Microservices Security: All The Questions You Should Be Asking

I spoke earlier in the year at the Sydney Microservices Meetup about the long path we’ve taken at Tyro Payments over the last decade, gradually tending towards a more fine-grained SOA approach – microservices as it’s come to be known recently.

Hacker-looking character sitting at a Mac in a dark room, checking out your microservices securityI covered a lot of ground in that talk, but something I didn’t get around to talking about was security. However, I believe that’s a really important topic to think about in microservice environments. It’s even more important than with a monolith, because in a service-oriented architecture you’re making a lot more of your system’s functionality directly exposed to the network, and that puts it in closer reach of would-be attackers, or “increases the attack surface” as a security pro would say.

So last week I presented another talk entitled “Microservices Security: All the Questions You Should Be Asking”.

Microservices Security: Let’s Share What We Know!

I want to tell people all about what we’ve been doing about security at Tyro lately. Security is incredibly important to the IT community and I think it’s imperative that we help each other improve. I want to share with the world some of the problems we’ve dealt with and some of the great solutions our team has built. Continue reading

Alan Turing: The Enigma by Andrew Hodges (Book Review)

Alan Turing: The EnigmaAlan Turing: The Enigma: The Book That Inspired the Film “The Imitation Game”
by Andrew Hodges

My rating: 3 of 5 stars

If I had to describe this book in one word, it would be: “indulgent”.

The author has obviously spent a lot of time researching many facets of Alan Turing’s life and work. (It seems he even interviewed many people who knew him.) However, he doesn’t appear to have spent much time deciding what not to put in the book. Consequently, it’s very long, and by a third of the way through it, when I was still reading about Turing’s uncomfortable years at boarding school, I seriously considered giving it up.

I didn’t give up, though, and I was glad in the end.

The middle sections of the book, explaining first Alan’s pioneering work as a young mathemetician, then his contribution to cracking the Enigma system, and then his diversion into the design and operation of early computers, were a really interesting read. The author went into quite a lot of mathematical and technical detail in parts which, as a software engineer, I quite enjoyed.

It was very interesting for me to realise that his major achievement was really in his mathematical endeavours rather than in computing. He didn’t do a whole bunch of amazing hardware stuff alone, unlike the film tried to suggest, and the team that eventually built the first working general purpose computer did it in competition with the group Turing was working with, though that project’s lack of progress was not of his making. However, his contribution to mathematics, by proving that there were uncomputable problems, was extremely significant at the time, and Hodges does a good job of setting the scene and describing how Turing’s discovery came about.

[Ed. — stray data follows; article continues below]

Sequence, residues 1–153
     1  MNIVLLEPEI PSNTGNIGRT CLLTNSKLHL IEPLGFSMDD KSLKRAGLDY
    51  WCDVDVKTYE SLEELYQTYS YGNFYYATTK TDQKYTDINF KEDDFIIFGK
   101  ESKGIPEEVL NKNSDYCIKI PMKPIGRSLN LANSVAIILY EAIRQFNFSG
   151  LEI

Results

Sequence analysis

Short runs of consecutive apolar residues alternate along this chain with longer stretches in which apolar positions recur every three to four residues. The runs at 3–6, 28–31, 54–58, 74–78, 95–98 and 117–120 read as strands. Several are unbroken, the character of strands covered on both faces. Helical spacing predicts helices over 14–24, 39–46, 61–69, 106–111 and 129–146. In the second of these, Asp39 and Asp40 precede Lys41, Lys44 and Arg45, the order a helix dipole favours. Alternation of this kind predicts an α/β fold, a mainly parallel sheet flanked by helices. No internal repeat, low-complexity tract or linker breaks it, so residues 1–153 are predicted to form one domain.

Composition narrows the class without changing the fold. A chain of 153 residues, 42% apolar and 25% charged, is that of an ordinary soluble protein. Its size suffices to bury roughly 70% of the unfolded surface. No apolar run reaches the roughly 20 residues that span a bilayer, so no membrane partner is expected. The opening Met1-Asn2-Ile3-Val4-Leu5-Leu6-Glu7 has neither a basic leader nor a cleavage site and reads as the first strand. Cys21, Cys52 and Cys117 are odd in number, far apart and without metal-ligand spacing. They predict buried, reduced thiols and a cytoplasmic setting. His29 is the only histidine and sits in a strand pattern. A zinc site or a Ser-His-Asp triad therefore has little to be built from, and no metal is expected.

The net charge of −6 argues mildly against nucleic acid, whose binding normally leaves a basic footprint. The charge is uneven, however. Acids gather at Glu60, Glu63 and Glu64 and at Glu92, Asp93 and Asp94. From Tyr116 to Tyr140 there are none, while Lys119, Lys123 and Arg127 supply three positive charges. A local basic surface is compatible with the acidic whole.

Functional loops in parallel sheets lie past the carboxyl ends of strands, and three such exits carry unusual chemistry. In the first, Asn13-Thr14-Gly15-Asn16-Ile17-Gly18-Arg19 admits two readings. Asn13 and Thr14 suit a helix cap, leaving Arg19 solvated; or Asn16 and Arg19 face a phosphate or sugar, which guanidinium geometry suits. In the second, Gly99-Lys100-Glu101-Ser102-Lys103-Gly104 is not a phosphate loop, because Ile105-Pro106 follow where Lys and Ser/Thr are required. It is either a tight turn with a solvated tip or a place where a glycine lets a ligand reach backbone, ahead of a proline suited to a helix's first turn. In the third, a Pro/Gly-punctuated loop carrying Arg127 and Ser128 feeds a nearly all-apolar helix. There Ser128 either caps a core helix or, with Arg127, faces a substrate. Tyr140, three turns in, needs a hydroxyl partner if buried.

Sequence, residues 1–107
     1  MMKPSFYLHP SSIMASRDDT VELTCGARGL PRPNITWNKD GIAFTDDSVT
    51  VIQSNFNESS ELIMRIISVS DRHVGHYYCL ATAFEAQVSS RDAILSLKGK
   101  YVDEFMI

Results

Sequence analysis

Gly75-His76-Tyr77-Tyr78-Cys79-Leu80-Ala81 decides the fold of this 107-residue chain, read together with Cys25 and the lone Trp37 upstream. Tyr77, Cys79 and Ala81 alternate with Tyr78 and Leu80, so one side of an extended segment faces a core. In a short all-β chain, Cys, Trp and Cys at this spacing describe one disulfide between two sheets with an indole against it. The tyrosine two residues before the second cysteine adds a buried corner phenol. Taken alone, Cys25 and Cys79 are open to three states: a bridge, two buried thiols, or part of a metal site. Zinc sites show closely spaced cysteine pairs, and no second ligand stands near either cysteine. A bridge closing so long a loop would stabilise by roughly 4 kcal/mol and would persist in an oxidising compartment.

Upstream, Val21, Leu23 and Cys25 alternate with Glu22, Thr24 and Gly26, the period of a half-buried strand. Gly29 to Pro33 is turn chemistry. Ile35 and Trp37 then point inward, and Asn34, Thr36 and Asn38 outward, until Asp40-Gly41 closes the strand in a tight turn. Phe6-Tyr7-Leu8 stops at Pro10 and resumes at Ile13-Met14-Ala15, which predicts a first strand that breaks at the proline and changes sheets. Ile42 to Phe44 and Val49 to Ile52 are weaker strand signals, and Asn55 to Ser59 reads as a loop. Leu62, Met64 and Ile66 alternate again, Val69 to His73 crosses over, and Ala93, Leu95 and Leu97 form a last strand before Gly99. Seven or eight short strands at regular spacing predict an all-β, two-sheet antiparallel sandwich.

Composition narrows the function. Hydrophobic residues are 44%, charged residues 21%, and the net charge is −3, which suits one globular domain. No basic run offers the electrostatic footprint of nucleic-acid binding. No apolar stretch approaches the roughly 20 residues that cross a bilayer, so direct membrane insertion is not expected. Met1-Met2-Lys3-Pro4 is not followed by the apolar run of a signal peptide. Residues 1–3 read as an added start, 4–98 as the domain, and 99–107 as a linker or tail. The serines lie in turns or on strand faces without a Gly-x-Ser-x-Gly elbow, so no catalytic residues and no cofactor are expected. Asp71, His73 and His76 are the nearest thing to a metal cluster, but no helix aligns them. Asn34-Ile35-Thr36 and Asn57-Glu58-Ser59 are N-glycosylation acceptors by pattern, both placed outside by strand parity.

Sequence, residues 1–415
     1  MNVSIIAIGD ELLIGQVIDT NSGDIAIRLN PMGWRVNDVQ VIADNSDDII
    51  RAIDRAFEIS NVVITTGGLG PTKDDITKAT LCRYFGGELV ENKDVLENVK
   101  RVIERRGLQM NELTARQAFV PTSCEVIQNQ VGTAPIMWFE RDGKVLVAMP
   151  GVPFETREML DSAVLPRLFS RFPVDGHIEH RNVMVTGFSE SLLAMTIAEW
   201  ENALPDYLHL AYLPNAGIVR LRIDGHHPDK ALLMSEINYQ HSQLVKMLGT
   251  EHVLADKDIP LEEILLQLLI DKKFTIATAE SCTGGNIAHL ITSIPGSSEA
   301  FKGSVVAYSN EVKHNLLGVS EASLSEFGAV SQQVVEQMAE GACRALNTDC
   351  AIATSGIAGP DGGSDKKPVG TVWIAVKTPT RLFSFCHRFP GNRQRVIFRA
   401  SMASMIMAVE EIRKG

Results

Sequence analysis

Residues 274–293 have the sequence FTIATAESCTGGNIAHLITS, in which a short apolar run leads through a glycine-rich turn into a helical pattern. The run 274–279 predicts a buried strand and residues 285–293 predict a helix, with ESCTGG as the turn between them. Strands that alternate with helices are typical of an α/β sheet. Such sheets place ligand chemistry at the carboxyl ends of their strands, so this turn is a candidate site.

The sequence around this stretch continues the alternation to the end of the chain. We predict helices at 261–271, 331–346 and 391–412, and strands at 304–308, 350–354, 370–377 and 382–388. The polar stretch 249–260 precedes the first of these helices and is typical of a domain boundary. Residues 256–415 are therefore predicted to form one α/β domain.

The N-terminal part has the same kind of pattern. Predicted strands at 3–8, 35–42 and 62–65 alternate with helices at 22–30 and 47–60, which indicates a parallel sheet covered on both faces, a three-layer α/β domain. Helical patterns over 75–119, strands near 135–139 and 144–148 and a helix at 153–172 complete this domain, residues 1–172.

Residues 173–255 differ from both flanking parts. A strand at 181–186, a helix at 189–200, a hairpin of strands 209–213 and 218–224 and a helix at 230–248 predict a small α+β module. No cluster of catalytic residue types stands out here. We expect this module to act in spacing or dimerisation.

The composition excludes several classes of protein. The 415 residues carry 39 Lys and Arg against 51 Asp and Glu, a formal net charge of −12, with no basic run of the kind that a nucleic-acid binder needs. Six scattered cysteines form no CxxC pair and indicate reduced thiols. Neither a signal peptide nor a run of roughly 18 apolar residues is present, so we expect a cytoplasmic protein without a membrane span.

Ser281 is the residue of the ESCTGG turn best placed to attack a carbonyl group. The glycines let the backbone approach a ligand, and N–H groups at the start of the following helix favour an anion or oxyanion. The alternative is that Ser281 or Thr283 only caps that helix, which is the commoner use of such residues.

During the narrative of these later parts of his life, many of the episodes and observations from Turing’s early life are linked into the story, showing how his upbringing contributed to, and sometimes adversely affected, his pursuits. However, the same links could probably have been drawn with far less detail spent documenting his childhood.

The documentation about his eventual demise leads into some nice, reflective wrapping up about his whole life. This too, though, is probably more long-winded than it needed to be.

All in all, I learnt a lot about the man, about his achievements, about the war, and a few things about maths and computing. I would have preferred it to be a whole lot shorter, though.

PS – I read this book because the movie had come out and I wanted to read the book first. The movie is so far from what is documented as reality in this book that having read the real story actually ruined the movie for me. If you want to both watch and aread, I suggest you watch the movie first, understanding it strays very far from the truth, then read the book afterwards to get the true story.

Alan Turing: The EnigmaBuy it on Amazon

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Notes from YOW! 2014: Simon Brown on ‘Agility and the Essence of Software Architecture’

I attended YOW! Sydney 2014 and thought some people might get something useful out of my notes. These aren’t my complete reinterpretations of every slide, but just things I jotted down that I thought were interesting enough to remember or look into further.

Simon Brown (@simonbrown) spoke on “Agility and the essence of software architecture”. (Slides, Video)

He started with a great Dave Thomas quote:

“Big design up front is dumb.
No design up from is even dumber.”

Whiteboard covered in a circuit diagram, which looks pretty similar to a typical software architectureSoftware Architecture Agility

He went on to tell us…

Delivering software in an agile way doesn’t guarantee that you’ll develop an agile architecture.

A good architecture enables agility.

He asked “Are monolithic architectures agile?” and proposed the answer, “Well, they could be. Just because you have to deploy it all at once doesn’t mean it’s not agile.”

Which naturally lead into a discussion of what does agility mean? Continue reading